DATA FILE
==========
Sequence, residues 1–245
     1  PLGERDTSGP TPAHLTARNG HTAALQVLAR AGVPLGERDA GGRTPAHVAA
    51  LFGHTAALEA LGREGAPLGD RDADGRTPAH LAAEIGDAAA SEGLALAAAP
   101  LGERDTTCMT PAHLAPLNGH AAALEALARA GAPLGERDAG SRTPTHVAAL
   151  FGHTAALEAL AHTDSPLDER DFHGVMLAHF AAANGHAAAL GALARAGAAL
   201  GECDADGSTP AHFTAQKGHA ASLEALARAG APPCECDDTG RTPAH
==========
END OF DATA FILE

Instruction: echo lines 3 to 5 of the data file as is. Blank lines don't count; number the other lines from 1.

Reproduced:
    51  LFGHTAALEA LGREGAPLGD RDADGRTPAH LAAEIGDAAA SEGLALAAAP
   101  LGERDTTCMT PAHLAPLNGH AAALEALARA GAPLGERDAG SRTPTHVAAL
   151  FGHTAALEAL AHTDSPLDER DFHGVMLAHF AAANGHAAAL GALARAGAAL